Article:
Posted: 20 Feb 2015, 08:20
by NightSG
"Every saint has a past. Every sinner has a future." -- Oscar Wilde

Between the past and the future is now. Between sin and sainthood is what you do with right now. You can't do anything with your past. You can plan your future, but plans change. Every one of us has room to convert a little more right now.

Re: I am speaking in church on Sunday

Posted: 20 Feb 2015, 14:51
by Ann
I remember liking a talk Dallen Oaks gave called "The Challenge to Become."

Re: I am speaking in church on Sunday

Posted: 20 Feb 2015, 14:51
by mom3
When I think of Testimony and Conversion I think of Peter and Enos. (I haven't read the talk so if we are parellel it's just luck)

Peter had a testimony. He was not just a follower, he witnessed first hand miracles including his mothers healing, he had a front row seat on teachings, etc. When everyone walked away and Jesus asked if the final twelve or so would leave, Peter said, "To whom would we go?" I take this to mean that Peter had listened to others, and observed them, even John the Baptist no other option satisfied. Yet Peter's full converstion/immersion didn't happen until after the resurrection. I don't believe this is a failing on Peter at all. Peter was zealous for the cause, yes he could be overly so, but even in that dark hour he didn't completely run, he was overcome, it was more than he understood and he much to process. Momentary Vent Here - I dislike our churches standard interpretation of the fish fry, feed my sheep story but it is important to separate conversion from knowledge

When Jesus instructs Peter "When thou art converted, go and strengthen thy brethen." I believe Christ understood that Peter still had understanding to gain. I don't think he was condemning Peter for not converting. Christ knew the job he was handing Peter and how Peter's life was completely unprepared for it. Christ took a blue collar worker and asked him to be a CEO. That's a huge leap. Peter had no seminary/rabbi training. To be converted a knowledge would have to exist in Peter that didn't yet. Eventually it would, but not until then could we call Peter (or any of us for that matter) converted.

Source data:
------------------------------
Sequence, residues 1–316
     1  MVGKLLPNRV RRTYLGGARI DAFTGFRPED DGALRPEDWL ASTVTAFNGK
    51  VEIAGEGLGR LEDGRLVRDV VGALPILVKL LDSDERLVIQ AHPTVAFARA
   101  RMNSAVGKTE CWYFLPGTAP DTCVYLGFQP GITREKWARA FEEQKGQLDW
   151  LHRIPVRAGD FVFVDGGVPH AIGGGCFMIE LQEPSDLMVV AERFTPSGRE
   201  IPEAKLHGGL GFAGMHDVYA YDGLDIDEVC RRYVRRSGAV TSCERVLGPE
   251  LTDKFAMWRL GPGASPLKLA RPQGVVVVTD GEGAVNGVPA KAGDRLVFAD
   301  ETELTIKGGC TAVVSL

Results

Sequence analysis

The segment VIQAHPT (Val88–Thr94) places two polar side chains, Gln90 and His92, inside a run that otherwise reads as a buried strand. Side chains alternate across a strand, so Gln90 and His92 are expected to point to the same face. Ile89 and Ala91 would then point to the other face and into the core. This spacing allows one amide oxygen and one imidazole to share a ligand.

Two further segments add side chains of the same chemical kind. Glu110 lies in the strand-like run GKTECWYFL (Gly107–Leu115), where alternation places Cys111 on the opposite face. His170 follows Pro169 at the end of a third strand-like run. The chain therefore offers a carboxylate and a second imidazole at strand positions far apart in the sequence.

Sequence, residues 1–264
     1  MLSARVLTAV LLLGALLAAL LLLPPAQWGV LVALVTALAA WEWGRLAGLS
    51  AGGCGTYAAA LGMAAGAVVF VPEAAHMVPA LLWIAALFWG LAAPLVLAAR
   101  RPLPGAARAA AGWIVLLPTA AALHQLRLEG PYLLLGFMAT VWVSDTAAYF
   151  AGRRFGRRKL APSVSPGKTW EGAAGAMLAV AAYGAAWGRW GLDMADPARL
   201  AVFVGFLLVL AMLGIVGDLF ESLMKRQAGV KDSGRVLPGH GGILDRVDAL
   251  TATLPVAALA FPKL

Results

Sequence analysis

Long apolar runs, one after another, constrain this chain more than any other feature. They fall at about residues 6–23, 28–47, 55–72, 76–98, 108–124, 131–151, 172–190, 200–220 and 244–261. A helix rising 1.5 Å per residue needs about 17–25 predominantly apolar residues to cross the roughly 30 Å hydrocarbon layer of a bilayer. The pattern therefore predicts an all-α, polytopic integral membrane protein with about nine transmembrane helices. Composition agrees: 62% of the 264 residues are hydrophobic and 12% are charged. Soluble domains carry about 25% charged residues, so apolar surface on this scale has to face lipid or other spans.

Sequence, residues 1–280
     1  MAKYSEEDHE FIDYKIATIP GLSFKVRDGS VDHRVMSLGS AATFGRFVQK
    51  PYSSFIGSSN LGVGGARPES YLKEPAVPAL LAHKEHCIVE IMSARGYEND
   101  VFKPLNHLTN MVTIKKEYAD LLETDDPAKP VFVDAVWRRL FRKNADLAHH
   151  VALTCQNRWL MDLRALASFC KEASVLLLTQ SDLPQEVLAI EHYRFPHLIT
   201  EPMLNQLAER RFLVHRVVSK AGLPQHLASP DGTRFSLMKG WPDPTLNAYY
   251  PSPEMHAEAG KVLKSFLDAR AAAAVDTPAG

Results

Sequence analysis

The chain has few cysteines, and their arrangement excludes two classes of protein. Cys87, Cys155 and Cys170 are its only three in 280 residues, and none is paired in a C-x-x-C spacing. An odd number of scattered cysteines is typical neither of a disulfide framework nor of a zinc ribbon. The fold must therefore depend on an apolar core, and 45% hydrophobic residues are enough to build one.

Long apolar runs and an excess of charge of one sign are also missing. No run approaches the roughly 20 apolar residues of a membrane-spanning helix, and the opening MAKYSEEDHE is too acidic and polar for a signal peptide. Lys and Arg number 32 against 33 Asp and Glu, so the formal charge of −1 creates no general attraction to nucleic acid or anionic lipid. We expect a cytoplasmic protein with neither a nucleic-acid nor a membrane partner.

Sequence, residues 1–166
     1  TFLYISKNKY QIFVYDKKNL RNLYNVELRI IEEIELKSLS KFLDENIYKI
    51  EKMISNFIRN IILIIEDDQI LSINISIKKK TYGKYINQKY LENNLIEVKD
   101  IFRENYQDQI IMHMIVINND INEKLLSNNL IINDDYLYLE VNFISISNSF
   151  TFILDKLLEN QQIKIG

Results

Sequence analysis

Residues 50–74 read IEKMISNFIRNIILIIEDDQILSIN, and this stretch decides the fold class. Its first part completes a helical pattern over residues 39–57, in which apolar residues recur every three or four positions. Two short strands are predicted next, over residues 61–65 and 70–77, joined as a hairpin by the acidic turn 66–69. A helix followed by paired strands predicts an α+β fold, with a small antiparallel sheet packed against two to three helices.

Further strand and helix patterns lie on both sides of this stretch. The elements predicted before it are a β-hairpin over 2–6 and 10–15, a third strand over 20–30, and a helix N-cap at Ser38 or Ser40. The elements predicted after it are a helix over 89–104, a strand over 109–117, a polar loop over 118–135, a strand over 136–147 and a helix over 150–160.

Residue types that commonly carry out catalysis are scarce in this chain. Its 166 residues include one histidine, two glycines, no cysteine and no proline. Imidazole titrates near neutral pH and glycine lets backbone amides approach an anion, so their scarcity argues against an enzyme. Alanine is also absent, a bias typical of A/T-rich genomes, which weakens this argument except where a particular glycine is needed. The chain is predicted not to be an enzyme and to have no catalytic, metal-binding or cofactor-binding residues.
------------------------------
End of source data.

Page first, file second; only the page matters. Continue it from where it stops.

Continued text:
Enos -In a way similar to Peter, except Enos was the son of the Prophet. His uncle Nephi had been the previous Prophet. No doubt Enos lived a devout life. I always assume Enos is an adult when he has his experience, in that frame of reference, I imagine he was a pretty standard LDS type guy. Went to worship, performed the rituals, said prayers with some sincerity, collected offerings, and the like. I even suspect he bore some standard testimony like, "I know the plates are real, my dad hides them every night." Then one day it nags him and he pours out his heart. You know the rest of the story. Ironic though to his conversion, even though he was overcome with love for the Lamanites and had this transcendent experience he spent the rest of his life at war with those very people. To me this means conversion doesn't always alter a life. Some assume real conversion creates a Paul and Alma, perhaps not.

I have enjoyed this download of thoughts. Ray, you will do wonderfully without any of our input, thanks though for letting us chime in.